I baled it. Hay was poor quality. Got some soil samples tested. Went over what the land needed and the cost of doing it with the owner. He agreed to a signed 5 year lease drawn up by a lawyer.

Had 4 semi loads of lime delivered. Rented a lime buggy, spread it myself. Had four semi loads of litter spread on it. Replaced 1/4 mile of fence. Have put out commerical fertilizer a few times since. And spray it. Just put cow's on it in the summer and graze it.

Second year into the lease the land owner lets his son-in-law and daughter fence off 4 acares in the middle of the place and build a shop building with living quarters. They ride 4 wheelers across it frequently killing the grass on the paths they make across the field.

They they put a stud horse and mare to raise horse's on the lease. Had a colt this year and plan on having another next year.

They bilt a shooting range and was asked by the son in law today if i could move my mineral feeder some where else a way from where the shooting range is. Dropping hints that cows could possibly get shot. While telling the son in law yes I can move it at the same time trying to keep from losing my cool and doing something I would regret latter.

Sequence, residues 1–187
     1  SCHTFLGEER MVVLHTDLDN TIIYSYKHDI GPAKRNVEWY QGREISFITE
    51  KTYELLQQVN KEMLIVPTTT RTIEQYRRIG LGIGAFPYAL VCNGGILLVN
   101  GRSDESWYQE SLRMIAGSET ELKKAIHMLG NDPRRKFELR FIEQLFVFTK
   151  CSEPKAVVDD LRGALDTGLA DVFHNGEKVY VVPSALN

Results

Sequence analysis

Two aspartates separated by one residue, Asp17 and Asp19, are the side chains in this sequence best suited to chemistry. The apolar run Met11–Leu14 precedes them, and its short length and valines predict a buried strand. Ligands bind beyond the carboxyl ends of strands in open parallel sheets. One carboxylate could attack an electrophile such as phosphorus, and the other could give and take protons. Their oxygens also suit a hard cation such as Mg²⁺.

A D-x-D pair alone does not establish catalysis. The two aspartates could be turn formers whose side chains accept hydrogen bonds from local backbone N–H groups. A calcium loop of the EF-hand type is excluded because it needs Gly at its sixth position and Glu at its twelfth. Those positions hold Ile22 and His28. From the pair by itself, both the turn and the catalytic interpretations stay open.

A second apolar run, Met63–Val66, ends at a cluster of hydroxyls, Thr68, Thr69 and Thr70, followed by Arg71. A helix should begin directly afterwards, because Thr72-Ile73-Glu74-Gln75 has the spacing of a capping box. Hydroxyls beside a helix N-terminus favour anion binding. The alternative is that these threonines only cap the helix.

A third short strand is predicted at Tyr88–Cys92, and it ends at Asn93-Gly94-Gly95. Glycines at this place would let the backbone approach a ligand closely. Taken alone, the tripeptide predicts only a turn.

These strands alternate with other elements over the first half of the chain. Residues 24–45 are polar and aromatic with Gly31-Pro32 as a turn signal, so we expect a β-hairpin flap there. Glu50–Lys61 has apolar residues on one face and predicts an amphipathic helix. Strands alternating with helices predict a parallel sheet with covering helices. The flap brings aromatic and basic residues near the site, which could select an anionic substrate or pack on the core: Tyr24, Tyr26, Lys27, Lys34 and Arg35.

The land owner and I get along good. The son in law can't wait until the father in law ( owner ) dies so that he can inherit the place.

The property is just about back to how i found it fertility wise and lacking in other nutrients I am guessing. It's not producing quality forage like it's capable of because it's time to put more money in it again.

That's not going to happen with me ever again with this land owner or any other. I learned my lesson from this experience.

Hope things work out better for you. I think the son in law is going to learn what his father in law already knew when he signed the lease with me. He had a pretty good deal. If you want to maintain 60 acres of pasture it cost a lot of money just to keep it from growing up.

Unless the son in law learns how to treat others. I don't think his horse operation is going to net him any profit. May not even be able to see his new colts in a pasture full of weeds 6 foot or higher.
 

Raycountry

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I just got a price on lime at 300 a ton. I farm the owners land, I get out it what I put into it. I'm improving his land in exchange for forage I get from it.
I cannot afford to do everything perfectly so, I put it on at 1/2 ton an acre and do a soil test every 3 years.
If tomorrow he says no more, no big deal, technically I would have gotten more out it, then I put into it considering the cost of alfalfa.

I would have gotten more
 

M.Magis

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I just got a price on lime at 300 a ton. I farm the owners land, I get out it what I put into it. I'm improving his land in exchange for forage I get from it.
I cannot afford to do everything perfectly so, I put it on at 1/2 ton an acre and do a soil test every 3 years.
If tomorrow he says no more, no big deal, technically I would have gotten more out it, then I put into it considering the cost of alfalfa.

I would have gotten more
$300 a ton?
That's 10x what is is around these parts.